UNITED NATIONS, Aug 20 (Reuters) - The United Nations Security Council blacklisted on Thursday the Belgian branch of Central African Republic’s diamond trading company and three people linked to the country’s more than three-year-old conflict.
The blacklisted diamond trading house is Kardiam, which U.N. sanctions experts say is the Antwerp, Belgium-based operation of the Central African Republic’s diamond-trading company Badica. Under U.N. sanctions, the firm’s assets are to be frozen and business with it will be illegal.
The Security Council sanctions committee published the announcement of the new designations on its website.
Central African Republic descended into chaos in March 2013 when predominantly Muslim Seleka rebels seized power, triggering reprisals by “anti-balaka” Christian militias who drove tens of thousands of Muslims from the south in a de facto partition.
The three individuals facing travel bans and asset freezes are Alfred Yekatom, an anti-balaka commander who goes by the nom de guerre of “Rambo”, Habib Soussou, another anti-balaka commander, and Oumar Younous, a former Seleka general and diamond smuggler, the sanctions committee announcement said.
Central African Republic was a major exporter of diamonds until May 2013, when the Kimberley Process banned shipment of its rough diamonds. The Kimberley Process is a group of 81 countries, including all the major diamond producers, formed to prevent so-called blood diamonds from funding conflict.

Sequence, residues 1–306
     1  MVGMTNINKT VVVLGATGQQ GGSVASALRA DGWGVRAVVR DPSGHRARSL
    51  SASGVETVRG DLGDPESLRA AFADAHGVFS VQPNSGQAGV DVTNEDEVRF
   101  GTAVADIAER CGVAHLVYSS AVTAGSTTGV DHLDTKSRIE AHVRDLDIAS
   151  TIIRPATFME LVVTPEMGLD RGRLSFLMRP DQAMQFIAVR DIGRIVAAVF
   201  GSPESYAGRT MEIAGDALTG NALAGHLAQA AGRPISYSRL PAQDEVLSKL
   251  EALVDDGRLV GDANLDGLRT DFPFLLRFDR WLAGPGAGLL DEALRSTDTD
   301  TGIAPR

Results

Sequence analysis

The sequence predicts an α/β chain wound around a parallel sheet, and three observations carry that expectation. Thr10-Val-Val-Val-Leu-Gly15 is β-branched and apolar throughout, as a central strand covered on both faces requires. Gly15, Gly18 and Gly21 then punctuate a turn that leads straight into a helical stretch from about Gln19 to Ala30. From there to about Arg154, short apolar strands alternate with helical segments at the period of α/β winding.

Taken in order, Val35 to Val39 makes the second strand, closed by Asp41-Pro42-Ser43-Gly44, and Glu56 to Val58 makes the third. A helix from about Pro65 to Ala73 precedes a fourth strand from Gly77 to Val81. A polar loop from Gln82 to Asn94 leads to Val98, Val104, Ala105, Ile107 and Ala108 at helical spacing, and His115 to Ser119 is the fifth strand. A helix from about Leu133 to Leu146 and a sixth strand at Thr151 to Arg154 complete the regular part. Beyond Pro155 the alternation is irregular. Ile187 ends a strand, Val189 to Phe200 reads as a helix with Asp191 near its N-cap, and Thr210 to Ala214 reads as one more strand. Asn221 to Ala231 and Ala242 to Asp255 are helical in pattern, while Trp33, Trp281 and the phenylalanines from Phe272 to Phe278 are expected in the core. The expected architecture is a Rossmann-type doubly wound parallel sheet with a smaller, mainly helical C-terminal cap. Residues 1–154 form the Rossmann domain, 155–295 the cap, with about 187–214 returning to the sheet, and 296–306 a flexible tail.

A U.N. mission in Central African Republic, known as MINUSCA, was deployed to shore up the precarious stability established under a transitional government. A U.N. sanctions regime for Central African Republic was set up in December 2013.
In May 2014, the committee imposed its first targeted sanctions by blacklisting former President François Bozize and two other men - Nourredine Adam, an original leader of Seleka, and Levy Yakete, an anti-balaka Christian militia leader. Yakete was de-listed after he reportedly died in November.
The sanctions announced on Thursday are the first to be imposed since then. (Reporting by Michelle Nichols and Louis Charbonneau, editing by G Crosse)